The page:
- The Washington Times - Wednesday, April 24, 2002

The Washington Redskins have informed running back Stephen Davis that he will be cut after the upcoming season unless he negotiates a new contract, NFL sources said yesterday.

The Redskins' stance isn't unexpected, considering Davis' salary cap figure rises to an unmanageable $11.4million in 2003. To compare, Davis has the highest cap figure on this year's club at just more than $5.9million, and the team's total limit is $71.1million.

However, the two sides have considerable work to do if the Redskins are to retain the two-time Pro Bowl selection who twice has set the franchise mark for yards in a season.

There has been little progress on a new deal, sources said, and the process is expected to be lengthy and possibly unfruitful. Perhaps to guard against Davis' departure next spring, the Redskins used their second-round pick in last weekend's draft on Iowa running back Ladell Betts.

Davis, 28, has rushed for more than 1,000 yards in each of the past three seasons, becoming the first player in club history to accomplish the feat. He went to the Pro Bowl in 1999 and 2000 and last year rushed for 1,432 yards, breaking the franchise mark he set in 1999.

Davis was supposed to be a Redskin for life after he signed a nine-year, $90million deal prior to the 2000 season. But the contract was heavily backloaded and his impressive production since has boosted his compensation to enormous levels.

It is important to note that a new contract would be just that, an agreement from scratch. Contract renegotiations are far more common and occur for most NFL clubs several times in the offseason. This offseason wide receiver Kevin Lockett, tackle Chris Samuels and cornerback Champ Bailey reworked their contracts.

The last time Washington negotiated a contract with Davis it took the entire offseason. When negotiations broke down in the winter of 2000, the club placed the franchise tag on him. He didn't sign the tender offer until it had been altered significantly and he had missed two days of training camp. That deal included a $1million signing bonus and incentives that, if met, would have kept him from being re-franchised and would have allowed him to collect a hefty payout.

Just before the start of the season, he agreed to the current deal, which included another $6.5million in upfront money. That contract superceded the tender, just as the Redskins hope to overwrite Davis' current agreement. Because Davis now is under contract, there is no potential holdout or danger to his 2002 playing status.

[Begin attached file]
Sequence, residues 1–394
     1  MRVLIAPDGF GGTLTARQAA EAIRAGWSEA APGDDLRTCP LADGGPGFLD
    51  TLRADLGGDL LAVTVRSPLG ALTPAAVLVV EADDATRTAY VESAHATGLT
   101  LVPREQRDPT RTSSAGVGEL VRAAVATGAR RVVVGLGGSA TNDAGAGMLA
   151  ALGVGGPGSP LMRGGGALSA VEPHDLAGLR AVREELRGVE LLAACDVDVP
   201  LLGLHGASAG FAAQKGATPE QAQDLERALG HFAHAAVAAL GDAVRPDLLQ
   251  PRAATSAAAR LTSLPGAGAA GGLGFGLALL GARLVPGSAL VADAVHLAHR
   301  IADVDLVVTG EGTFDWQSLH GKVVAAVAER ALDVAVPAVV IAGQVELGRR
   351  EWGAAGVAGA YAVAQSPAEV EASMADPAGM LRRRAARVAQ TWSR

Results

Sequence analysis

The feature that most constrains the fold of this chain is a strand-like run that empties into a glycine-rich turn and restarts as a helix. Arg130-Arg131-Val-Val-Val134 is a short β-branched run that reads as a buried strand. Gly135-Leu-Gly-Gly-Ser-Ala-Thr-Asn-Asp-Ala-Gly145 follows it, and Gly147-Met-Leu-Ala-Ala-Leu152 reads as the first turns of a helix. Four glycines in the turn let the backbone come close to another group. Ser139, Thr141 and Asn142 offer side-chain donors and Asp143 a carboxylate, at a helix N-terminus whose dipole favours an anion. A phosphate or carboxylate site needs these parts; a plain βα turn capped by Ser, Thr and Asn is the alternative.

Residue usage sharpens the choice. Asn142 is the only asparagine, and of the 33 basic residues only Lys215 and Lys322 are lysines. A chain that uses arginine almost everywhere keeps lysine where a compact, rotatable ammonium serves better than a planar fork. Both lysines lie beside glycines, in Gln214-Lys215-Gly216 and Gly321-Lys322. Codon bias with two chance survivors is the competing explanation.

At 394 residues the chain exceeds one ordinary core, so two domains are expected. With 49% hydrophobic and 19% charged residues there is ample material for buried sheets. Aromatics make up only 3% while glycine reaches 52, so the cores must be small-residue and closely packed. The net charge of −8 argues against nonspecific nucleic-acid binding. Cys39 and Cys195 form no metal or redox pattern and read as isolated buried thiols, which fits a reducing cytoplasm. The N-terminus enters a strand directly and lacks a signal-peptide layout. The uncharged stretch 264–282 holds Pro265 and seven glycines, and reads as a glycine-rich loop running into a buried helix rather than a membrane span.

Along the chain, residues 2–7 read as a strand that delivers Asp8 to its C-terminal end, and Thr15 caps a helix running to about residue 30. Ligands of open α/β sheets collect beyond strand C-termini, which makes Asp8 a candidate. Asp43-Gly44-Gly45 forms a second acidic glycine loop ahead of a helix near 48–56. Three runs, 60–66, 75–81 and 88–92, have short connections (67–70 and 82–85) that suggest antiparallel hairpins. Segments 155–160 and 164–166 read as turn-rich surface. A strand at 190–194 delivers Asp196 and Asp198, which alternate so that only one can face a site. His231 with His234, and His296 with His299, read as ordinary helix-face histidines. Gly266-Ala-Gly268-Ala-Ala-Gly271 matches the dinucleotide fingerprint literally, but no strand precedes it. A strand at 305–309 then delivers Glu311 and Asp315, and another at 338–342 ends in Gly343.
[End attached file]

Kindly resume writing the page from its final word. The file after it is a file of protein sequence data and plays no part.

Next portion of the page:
A new contract might even provide cap relief this season, but it is unlikely to get done soon enough to aid in the pursuit of free agents. Washington probably will round out its roster around June1, when a second wave of veterans are cut. It's more realistic to think that a new deal for Davis could help in signing draft picks.

For now, the Redskins are laying low in free agency until after this weekend's minicamp. This will be the coaching staff's first chance to look at an almost complete roster, one that includes newly signed linebacker Jeremiah Trotter, 10 new draft picks and a group of undrafted rookies.

The list of 12 to 15 undrafted rookies will be announced today. It is expected to include Tennessee defensive end Bernard Jackson, Virginia Tech wide receiver Emmett Johnson, Notre Dame defensive back Ron Israel and Michigan State long snapper Tony Grant.

After minicamp, the Redskins will have a better idea of which positions need help. Washington has starting vacancies at guard and defensive tackle, unless some young player makes a big impression. The club passed on the chance to draft for need, instead trying to get the most value for each pick.

The Redskins have expressed interest in guard Rich Tylski, a starter who was cut this week by the Pittsburgh Steelers. However, Tylski does not expect to sign with a club until later this offseason, perhaps not until after June1.

Many free agent veterans, similarly, are comforting themselves with the knowledge that the market moves in cycles. The next big upswing comes around June1, and even afterward jobs open during camp as clubs lose players to injury or find that their young players aren't what they expected.

"The money doesn't change that much, contrary to popular belief," said free agent guard Ben Coleman, who signed a one-year, $1.1million deal with the Redskins last June14. "For young cats who don't understand how the league works, they're probably like, 'I've got to get a job.' But me, I'll push it to camp if necessary."

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